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Andrew J. Bolon
BIA Agent Andrew Bolon.jpg
Bornc. 1826
DiedSeptember 25, 1855(1855-09-25) (aged 29)
Police career
AllegianceUnited States
DepartmentBureau of Indian Affairs
Service years1853–1855
RankSub Agent

Andrew Jackson Bolon (c. 1826 – September 25, 1855) was a Bureau of Indian Affairs agent whose 1855 death at the hands of renegade Yakama is considered one of several contributing factors in the outbreak of the Yakima War.[1] Some sources assert Bolon was the first law enforcement officer killed in the line of duty in the territory that is now the state of Washington, though the Washington Peace Officers Memorial in Olympia, Washington lists a King County sheriff's deputy killed the year before Bolon's death.[2]

Early life

Bolon was born in Pennsylvania, where he married, eventually emigrating west and settling in Vancouver, Washington. During the Cayuse War Bolon served in the Oregon militia.[3]

By May 1855 he was working as a Sub-Agent in the Bureau of Indian Affairs, reporting to Agent James Doty. Bolon had been assigned responsibility for the Yakima Reservation and spent the summer of 1855 meeting tribal leaders and learning the geography of the area. Bolon was well-liked by the Yakama and had forged a close friendship with Shumaway, Kamiakin's younger brother.[4]

Andrew Jackson Bolon, Curtis Short, Henry C. Morse (left to right), c. 1850
Andrew Jackson Bolon, Curtis Short, Henry C. Morse (left to right), c. 1850



Treaties between the United States and several Indian tribes in the Washington Territory resulted in reluctant tribal recognition of U.S. sovereignty over a vast amount of land in the Washington Territory. The tribes, in return for this recognition, were to receive half of the fish in the territory in perpetuity, awards of money and provisions, and reserved lands where white settlement would be prohibited. While governor Isaac Stevens had guaranteed the inviolability of Native American territory following tribal accession to the treaties, he lacked the legal authority to enforce it pending ratification of the agreements by the United States Senate. Meanwhile, the widely publicized discovery of gold in Yakama territory prompted an influx of unruly prospectors who traveled, unchecked, across the newly defined tribal lands, to the growing consternation of Indian leaders. In 1855 two of these prospectors were killed by Qualchin, the nephew of Kamiakin, after it was discovered they had raped a Yakama woman.[5][6]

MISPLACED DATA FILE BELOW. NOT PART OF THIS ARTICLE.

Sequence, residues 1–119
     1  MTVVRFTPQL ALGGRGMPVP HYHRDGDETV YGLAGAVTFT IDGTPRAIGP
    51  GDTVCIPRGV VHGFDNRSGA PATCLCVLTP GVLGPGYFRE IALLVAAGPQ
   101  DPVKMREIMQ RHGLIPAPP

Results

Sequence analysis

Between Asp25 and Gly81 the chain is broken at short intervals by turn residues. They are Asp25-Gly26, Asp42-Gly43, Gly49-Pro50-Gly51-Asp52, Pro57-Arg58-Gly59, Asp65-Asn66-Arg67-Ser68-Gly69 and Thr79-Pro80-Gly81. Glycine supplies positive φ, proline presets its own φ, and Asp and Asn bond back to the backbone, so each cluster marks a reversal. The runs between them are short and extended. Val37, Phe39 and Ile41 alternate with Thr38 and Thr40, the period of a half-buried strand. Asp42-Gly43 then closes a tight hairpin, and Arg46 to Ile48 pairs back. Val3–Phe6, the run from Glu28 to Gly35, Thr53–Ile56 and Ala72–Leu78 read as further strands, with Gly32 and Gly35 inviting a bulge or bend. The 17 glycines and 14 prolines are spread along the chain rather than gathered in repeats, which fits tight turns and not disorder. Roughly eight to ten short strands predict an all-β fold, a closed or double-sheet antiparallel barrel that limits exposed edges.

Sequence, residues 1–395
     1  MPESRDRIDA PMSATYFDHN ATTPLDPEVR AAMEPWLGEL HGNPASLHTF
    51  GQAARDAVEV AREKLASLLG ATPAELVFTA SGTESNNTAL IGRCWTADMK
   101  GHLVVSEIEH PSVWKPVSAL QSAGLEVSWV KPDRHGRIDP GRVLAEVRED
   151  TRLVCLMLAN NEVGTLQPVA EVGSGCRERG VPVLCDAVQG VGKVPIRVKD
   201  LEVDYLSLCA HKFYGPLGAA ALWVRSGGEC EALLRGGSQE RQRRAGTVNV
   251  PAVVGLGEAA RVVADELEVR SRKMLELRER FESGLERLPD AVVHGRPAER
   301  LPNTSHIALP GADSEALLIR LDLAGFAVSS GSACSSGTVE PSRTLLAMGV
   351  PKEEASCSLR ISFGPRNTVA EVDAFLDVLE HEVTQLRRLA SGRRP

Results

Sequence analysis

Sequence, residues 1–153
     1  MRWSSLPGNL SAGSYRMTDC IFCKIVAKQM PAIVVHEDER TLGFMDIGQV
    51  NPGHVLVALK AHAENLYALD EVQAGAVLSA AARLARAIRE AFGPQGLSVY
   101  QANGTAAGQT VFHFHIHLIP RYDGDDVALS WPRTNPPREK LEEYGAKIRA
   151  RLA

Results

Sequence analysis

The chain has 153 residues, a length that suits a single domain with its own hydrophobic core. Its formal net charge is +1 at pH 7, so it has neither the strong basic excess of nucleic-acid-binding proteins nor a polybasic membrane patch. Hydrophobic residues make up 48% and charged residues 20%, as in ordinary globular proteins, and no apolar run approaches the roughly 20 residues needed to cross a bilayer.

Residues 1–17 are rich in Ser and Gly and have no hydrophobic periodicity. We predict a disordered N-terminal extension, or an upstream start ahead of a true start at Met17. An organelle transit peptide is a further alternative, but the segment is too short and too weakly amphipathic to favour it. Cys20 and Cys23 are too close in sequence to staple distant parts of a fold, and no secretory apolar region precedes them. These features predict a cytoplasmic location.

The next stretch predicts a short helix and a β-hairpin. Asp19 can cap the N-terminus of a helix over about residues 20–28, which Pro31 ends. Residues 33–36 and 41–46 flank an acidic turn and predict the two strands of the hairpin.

The murder

Some confusion exists surrounding the death of Bolon. According to the most popular version of events, Bolon, receiving word of the prospector deaths, departed for the scene on horseback to investigate but was intercepted by Shumaway who warned him Qualchin was too dangerous to confront. Heeding Shumaway's warning, Bolon turned back and began the ride home. En route he came upon a group of Yakama traveling south and decided to ride along with them. One of the members of this group was Mosheel, Shumaway's son.[4] Mosheel decided to kill Bolon for reasons that are not entirely clear. Though a number of Yakama in the traveling party protested, their objections were overruled by Mosheel who invoked his regal status. Discussions about Bolon's fate took place over much of the day (Bolon, who did not understand Sahaptian, was unaware of the conspiracy unfolding among his traveling companions). During a rest stop, as Bolon and the Yakama were eating lunch, Mosheel and at least three other Yakama set upon him with knives. Bolon yelled out in a Chinook dialect, "I did not come to fight you!" before being stabbed in the throat.[7] Bolon's horse was then shot, and his body and personal effects burned.[8] These details of Bolon's death were told to rancher Lucullus McWhorter sometime between 1911 and 1915 by the elderly Suleil, who claimed to have been witness to the event as a young man.

A different version of events has Bolon murdered by Qualchin himself after threatening reprisals for the killing of the prospectors. This version of the story was more popular prior to the recording of Suleil's narrative by McWhorter. When Qualchin, toward the end of the Yakima War, was captured and hanged by Col. George Wright, it was under the assumption that he was the murderer of Bolon.[3]